Watchmen (HBO / Warner Bros): a gripping, genre-blending and timelessly relevant story. Continuing (in spirit) Christopher Nolan’s realistic take on modern superheroes, this sequel to the original graphic novel succeeds on all levels. Its compact 9-episode run is also a refreshing change from American shows with extended runtimes.
Swamp Thing (Warner Bros / DC): it’s a real shame this show was cancelled immediately after its first season. With lots of atmosphere, grit and genuinely disgusting body horror, DC’s Swamp Thing excels at telling a kind of small-town horror story wrapped in 80s-style low budget filmmaking techniques.
Dear White People (Lionsgate): I was dubious of this adaptation at first, given my appreciation for the original film. However, the show lifts its material to new heights, with cinematic visuals, great character-driven episodes and a sense of humour like no other show I’ve seen. It’s unmissable.
I recently picked up a copy of 'Masters of Light' (1984), a collection of interviews with famed 70s and 80s cinematographers compiled by Larry Salvato and Dennis Schaefer. Many of these great cameramen came from documentary backgrounds, and preferred shooting with little to no artificial light. Here are the biggest tips I picked up from their conversations.
Location: choose locations that light themselves, even if you are planning on having some artificial light to complement the location. This means looking at floor space for the scene to play out and crew to move around, as well as windows (if any) and fixtures that can be switched out such as overhead lights. Colour temperature is important as well - does the space give off a cooler or warmer hue?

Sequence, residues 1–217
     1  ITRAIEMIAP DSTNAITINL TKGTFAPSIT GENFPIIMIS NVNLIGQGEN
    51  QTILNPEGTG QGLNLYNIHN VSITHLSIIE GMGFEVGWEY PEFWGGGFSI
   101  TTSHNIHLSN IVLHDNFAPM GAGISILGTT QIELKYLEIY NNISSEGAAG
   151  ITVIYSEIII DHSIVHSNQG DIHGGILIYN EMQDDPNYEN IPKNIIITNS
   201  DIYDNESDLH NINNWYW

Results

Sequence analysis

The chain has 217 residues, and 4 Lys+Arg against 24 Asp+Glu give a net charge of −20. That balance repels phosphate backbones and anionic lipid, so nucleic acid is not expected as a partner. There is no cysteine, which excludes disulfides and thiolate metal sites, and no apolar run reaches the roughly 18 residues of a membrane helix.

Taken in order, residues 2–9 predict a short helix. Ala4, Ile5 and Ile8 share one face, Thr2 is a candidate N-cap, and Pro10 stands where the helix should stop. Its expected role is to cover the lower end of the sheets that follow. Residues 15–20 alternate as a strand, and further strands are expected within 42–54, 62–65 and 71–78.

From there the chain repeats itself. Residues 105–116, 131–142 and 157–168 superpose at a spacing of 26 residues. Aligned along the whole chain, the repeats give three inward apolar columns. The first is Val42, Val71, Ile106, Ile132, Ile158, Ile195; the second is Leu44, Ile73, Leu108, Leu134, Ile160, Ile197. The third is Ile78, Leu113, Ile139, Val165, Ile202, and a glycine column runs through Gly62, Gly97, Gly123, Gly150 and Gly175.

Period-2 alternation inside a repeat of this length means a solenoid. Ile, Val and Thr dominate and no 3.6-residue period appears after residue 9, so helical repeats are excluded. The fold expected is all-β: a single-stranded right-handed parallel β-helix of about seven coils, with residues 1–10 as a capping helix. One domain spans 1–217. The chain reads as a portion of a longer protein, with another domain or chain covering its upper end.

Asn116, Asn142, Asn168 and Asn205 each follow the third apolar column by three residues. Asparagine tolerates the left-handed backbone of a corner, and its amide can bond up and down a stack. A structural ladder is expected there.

Practicals: (i.e. light sources that are in the frame) are very useful. These could include bedroom lamps, a fireplace, corridor lights or anything that is already in the space that you could either use as a reference for light direction, or switch out to change the hue or strength.
Reflectors: more often than not, you can get away with minimal lighting if you remember to bring along reflective surfaces that can create a fill light or eliminate a shadow. These are extremely useful to create depth in your composition, as amateur films are often spotted a mile away with very flat lighting and unwanted shadows.
Blue Hour and Magic Hour: Blue Hour is the short window of time after the sun goes down (or before it comes up) where the sky is still colorful, but the sun is not visible. And Magic Hour of course, is the hour leading up to sunset or just after sunrise. Terrence Malick’s movies, for example, are almost exclusively shot during these hours with no supplemental lighting.
Contrast: one of the most important aspects of a composition is balance. Moving objects around in the frame and adding/subtracting small elements of a set can make a huge difference in terms of adding colour to a shot, or vice versa. These can help play off elements of a frame that are too present or not present enough, such as a painted wall or an actor’s costume.
The Godfather look: contrary to popular belief, Gordon Willis did not under-light the Godfather movies in their famous ‘silhouette’ scenes. Instead, he lit subjects using practicals and his usual setup, but under-exposed his film slightly to give an illusion of darkness and silhouette. This means he retained contrast between the subject and his environment, but also made it look darker than it actually was.